Socceroos coach Graham Arnold is well and truly on the hot seat. After a tumultuous qualification campaign and a series of disappointing results, a lacklustre World Cup performance could spell the end for Arnold at Australia’s helm.
It would be impossible to write a guide to the 2022 World Cup without a mention of the slew of controversies that have plagued Qatar’s tournament preparation from the moment they were selected as hosts in 2010.
The decision to give Qatar the world’s biggest sporting event was accompanied by accusations of bribery and corruption. Multiple FIFA executives were suspended before the deciding vote to select Qatar as the host nation. The resignation of former FIFA president Sepp Blatter amidst an investigation into alleged fraud and corruption also left the tournament under a lasting shroud of controversy.
The Qatari regime’s oppressive treatment of migrant workers during the construction of stadiums and facilities has long attracted the ire of the international community. In the lead up to the World Cup, migrant workers have faced appalling conditions, with estimates that up to 6,500 workers died during the World Cup’s preparations.
Qatar’s strict laws against same-sex relationships have also drawn criticism. With claims that a nation with a vehement stance against the LGBT community can not be considered a viable host for the world’s biggest celebration of diversity. In protest of Qatar’s policy on same-sex relationships, players from nine nations competing at the world cup have committed to wearing rainbow coloured “One Love” armbands.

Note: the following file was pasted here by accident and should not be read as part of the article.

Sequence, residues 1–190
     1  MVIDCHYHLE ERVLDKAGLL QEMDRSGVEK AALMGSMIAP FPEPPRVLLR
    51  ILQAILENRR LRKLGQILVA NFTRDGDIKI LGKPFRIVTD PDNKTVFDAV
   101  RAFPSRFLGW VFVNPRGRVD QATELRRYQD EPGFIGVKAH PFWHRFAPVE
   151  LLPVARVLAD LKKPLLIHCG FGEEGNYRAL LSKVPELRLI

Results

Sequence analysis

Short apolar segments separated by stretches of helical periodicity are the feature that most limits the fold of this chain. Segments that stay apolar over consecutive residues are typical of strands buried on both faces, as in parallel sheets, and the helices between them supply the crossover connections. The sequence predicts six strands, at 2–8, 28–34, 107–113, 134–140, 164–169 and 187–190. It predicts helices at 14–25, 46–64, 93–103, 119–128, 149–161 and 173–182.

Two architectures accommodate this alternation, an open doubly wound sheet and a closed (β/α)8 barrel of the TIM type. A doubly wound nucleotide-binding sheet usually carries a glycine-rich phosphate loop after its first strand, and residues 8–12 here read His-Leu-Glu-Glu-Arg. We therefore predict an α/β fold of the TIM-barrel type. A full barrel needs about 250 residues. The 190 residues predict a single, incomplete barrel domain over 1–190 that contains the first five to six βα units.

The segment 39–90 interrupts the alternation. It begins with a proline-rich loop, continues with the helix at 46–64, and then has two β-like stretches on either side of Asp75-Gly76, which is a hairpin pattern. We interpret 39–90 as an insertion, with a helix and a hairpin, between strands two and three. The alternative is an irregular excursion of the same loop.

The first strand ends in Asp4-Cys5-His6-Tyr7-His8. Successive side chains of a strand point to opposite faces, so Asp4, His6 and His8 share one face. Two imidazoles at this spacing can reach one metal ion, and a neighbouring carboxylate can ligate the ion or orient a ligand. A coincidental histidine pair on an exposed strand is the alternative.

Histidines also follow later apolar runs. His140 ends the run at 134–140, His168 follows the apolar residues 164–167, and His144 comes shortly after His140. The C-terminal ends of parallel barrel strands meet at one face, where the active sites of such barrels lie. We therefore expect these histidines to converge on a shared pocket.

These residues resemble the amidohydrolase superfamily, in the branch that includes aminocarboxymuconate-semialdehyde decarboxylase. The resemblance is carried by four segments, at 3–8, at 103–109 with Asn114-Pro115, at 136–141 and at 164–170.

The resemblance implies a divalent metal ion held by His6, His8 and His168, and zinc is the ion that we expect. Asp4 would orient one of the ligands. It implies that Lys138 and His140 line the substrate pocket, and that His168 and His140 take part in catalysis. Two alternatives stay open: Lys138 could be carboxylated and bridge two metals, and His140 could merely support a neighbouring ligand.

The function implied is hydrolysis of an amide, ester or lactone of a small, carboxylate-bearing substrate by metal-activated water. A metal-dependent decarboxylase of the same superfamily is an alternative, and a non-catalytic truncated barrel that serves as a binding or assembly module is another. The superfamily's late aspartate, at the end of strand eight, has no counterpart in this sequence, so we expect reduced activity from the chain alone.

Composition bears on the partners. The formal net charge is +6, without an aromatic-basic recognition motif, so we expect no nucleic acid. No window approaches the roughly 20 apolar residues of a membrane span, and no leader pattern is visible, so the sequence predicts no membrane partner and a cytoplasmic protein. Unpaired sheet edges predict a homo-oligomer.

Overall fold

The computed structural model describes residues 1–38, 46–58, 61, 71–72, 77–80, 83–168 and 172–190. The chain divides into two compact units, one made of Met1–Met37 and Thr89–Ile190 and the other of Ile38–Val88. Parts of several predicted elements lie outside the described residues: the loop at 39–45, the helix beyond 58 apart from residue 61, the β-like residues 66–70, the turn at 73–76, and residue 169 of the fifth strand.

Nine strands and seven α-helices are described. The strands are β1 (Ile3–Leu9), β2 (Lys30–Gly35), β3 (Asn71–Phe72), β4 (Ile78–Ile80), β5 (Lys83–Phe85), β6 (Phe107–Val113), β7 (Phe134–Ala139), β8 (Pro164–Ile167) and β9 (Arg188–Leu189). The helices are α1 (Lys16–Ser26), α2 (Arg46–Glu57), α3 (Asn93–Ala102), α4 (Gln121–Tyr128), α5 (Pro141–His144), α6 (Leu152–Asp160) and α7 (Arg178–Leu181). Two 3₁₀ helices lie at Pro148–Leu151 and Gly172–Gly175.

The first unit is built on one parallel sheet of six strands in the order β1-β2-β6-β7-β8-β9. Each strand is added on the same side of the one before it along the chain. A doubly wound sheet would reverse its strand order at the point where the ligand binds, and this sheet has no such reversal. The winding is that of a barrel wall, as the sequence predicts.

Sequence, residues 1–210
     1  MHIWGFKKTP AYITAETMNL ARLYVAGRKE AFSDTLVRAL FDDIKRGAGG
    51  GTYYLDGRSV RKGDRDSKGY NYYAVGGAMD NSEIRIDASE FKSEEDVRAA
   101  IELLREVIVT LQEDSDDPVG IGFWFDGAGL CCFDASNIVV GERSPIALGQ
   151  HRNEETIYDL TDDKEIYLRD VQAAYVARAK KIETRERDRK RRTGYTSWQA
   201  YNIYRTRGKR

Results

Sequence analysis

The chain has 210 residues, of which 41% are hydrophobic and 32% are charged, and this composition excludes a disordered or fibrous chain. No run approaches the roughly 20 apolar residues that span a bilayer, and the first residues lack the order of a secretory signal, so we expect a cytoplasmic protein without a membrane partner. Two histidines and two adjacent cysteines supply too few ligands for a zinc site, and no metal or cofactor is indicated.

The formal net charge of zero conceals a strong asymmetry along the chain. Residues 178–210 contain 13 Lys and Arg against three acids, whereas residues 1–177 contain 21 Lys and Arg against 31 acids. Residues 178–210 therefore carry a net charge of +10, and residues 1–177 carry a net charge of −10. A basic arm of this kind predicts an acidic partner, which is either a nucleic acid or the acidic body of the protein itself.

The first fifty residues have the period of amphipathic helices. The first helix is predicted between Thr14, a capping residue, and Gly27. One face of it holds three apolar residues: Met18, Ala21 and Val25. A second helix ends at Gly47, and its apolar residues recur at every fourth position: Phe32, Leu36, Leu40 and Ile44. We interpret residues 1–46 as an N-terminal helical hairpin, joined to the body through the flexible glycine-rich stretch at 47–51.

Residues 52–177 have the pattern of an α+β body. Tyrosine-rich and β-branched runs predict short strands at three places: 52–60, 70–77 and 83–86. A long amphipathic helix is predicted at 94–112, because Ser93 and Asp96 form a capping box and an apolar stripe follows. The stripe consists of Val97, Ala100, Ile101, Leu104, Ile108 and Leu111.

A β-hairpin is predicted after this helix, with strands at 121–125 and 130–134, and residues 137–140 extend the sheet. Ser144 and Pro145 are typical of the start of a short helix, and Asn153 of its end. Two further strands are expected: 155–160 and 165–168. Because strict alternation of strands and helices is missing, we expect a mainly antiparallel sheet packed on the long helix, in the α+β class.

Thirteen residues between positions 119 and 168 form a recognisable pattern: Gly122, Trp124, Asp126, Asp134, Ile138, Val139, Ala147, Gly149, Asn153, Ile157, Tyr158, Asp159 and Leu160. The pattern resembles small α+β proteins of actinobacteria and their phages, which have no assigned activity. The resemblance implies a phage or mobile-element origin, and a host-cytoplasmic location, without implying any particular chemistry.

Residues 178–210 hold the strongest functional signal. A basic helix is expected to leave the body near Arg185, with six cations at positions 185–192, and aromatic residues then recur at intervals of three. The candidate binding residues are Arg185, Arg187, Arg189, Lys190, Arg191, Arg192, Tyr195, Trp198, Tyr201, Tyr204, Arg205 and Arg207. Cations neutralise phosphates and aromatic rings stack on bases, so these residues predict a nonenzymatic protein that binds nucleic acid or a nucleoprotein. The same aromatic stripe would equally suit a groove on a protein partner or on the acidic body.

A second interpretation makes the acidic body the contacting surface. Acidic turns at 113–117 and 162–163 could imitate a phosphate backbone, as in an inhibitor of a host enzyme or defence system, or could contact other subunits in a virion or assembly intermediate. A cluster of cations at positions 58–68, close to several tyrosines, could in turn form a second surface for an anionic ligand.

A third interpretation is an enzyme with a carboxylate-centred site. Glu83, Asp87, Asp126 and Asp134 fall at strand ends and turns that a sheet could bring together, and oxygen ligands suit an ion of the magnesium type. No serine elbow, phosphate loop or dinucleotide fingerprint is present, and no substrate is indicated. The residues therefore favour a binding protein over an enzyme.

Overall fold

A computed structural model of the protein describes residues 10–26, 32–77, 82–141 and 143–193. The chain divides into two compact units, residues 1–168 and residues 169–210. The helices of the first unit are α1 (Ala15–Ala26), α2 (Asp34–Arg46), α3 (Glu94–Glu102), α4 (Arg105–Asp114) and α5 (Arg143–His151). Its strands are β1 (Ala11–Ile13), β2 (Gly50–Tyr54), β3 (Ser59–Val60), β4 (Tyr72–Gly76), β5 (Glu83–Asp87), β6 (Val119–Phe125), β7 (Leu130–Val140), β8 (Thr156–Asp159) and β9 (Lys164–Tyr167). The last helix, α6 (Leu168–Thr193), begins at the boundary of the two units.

Earlier this week, organisers reneged on a deal that would have allowed the sale of alcohol around the perimeter of World Cup stadiums. The sole alcoholic partner of the tournament, Budweiser, was left in the dark by the sudden decision, which aimed to find a balance between providing an enjoyable experience for fans and upholding the values of the Muslim nation.
Multiple musical artists have turned down lucrative offers to perform at the World Cup. Rock Star Rod Stewart rejected a multimillion dollar offer to perform at the Cup’s opening ceremony. “I refused, it’s not right to go,” he said. English singer Dua Lipa also confirmed she would play no part in the tournament, “I look forward to visiting Qatar when it has fulfilled all the human rights pledges it made when it won the right to host,” she said.
Where Can I Watch?
Every World Cup Game will be televised live and free on SBS and SBS Viceland. The free-to-air broadcaster will also provide a live stream on SBS On Demand.